process images

The first image made with Mldraw. Note that this is with the “shoe” model.

The first sketch of the desired interface.

The first implementation of the real interface, with some debug views.

The first implementation of a better interface.

The first test with multiple models, after the new UI had been implemented (we had to wait for the selector to choose models to be implemented first).

The current Mldraw interface.

Our future tutorial mascot, with IK’d arm.

Some creations from Mldraw, in chronological order.


Assemblance was the first media-art piece I saw in an art gallery.  I saw it at the Digital Revolutions exhibition at the Barbarian in 2014.  It was created by Umbrellium for the show, by a team of many people and two creative directors.

I found its mix of participatory collaborative interaction with strange visual experiences.  I had never experienced a projection that so clearly was able to define shapes and create semi-solid surfaces.  I found myself feeling almost surprised each time my hand pushed the projected walls away without physically feeling them.

It was successful in eliciting participation amongst the viewers, as there weren’t any explicit instructions detailing the various gestures you could use to draw and remove rigid objects and chains, leaving viewers to show each other the movements to make to activate them.  The objects could be pushed around and would collide with other people’s creations.

I spent a while in the installation and it as also interesting to see how first time participants would react—mostly by drawing a wall around themselves and pushing it around.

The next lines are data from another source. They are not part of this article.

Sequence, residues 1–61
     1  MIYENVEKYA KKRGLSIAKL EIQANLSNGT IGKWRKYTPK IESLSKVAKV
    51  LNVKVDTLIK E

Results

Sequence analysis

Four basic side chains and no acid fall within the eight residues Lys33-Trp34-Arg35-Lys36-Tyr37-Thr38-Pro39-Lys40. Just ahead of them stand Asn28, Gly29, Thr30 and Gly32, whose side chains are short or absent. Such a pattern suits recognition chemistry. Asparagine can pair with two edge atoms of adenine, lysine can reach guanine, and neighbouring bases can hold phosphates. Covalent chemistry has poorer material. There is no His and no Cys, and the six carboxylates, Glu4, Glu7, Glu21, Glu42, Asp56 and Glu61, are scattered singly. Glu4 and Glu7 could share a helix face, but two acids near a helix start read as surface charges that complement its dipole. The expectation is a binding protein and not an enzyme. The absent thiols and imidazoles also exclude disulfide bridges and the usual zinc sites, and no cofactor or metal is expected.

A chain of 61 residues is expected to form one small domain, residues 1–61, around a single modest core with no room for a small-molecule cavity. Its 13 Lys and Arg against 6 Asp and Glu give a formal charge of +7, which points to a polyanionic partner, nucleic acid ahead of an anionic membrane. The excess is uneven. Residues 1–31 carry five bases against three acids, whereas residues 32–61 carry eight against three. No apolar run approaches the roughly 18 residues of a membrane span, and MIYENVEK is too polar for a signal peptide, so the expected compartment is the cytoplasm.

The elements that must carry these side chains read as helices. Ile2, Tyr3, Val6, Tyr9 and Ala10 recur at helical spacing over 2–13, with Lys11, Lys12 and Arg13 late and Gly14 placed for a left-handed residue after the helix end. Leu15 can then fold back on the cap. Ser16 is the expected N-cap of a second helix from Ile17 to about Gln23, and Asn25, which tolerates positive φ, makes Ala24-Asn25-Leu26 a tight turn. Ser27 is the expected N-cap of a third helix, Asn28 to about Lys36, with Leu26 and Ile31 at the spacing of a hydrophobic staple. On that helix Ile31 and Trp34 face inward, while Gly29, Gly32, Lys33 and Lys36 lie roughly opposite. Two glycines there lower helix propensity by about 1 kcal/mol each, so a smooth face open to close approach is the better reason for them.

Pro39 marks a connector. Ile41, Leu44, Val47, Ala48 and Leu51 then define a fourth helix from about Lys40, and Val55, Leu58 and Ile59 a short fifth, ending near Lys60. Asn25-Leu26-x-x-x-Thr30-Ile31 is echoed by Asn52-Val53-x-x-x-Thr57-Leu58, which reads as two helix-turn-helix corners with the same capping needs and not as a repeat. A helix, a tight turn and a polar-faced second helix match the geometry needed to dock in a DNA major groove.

The visuals possible were necessarily limited due to being 2D objects extruded out in space over the projection volume, but still had sufficient variability to be satisfying.


Although my work isn’t necessarily directly inspired by Assemblage, it still points to interesting directions in participatory, emergent interaction between people.


I was interested in using a fluid simulation (i used this one), but I couldn’t think of ways to satisfactorily visualize and interact with it that hadn’t been extensively explored before.

I thought to use boids to drive the interaction with the liquid, and have the liquid then apply forces to the boids, to create interesting emergent interaction.  This made it hard to balance the system, as this is a positive feedback loop.

I experimented with a number of ways to visualise the boids and the liquid, with the boids being above at first, then moving behind unless they were under a specific size (to give the impression of them “jumping out”).

However, neither of these gave the liquid “depth” and “murkiness,” which were my emergent goals for this piece as it went on. Eventually, I realised I could just make the liquid black, and so I did.

I am satisfied by the result of exploring a fluid simulation system in a new (to me) way, with “live” <s>creatures</s> boids. I am especially happy with the murky, inky effect that sometimes happens. Looking back, I wish I had added more dampening to the boids. In addition, it would be interesting to explore how they interact with a GPU fluid system, letting one simulate the fluid at a much finer resolution (here it is just 64×64).

You can see the sketch (and the source code) at https://editor.p5js.org/aman/full/HysZkJ6fV.

tadpoles from aman tiwari on Vimeo.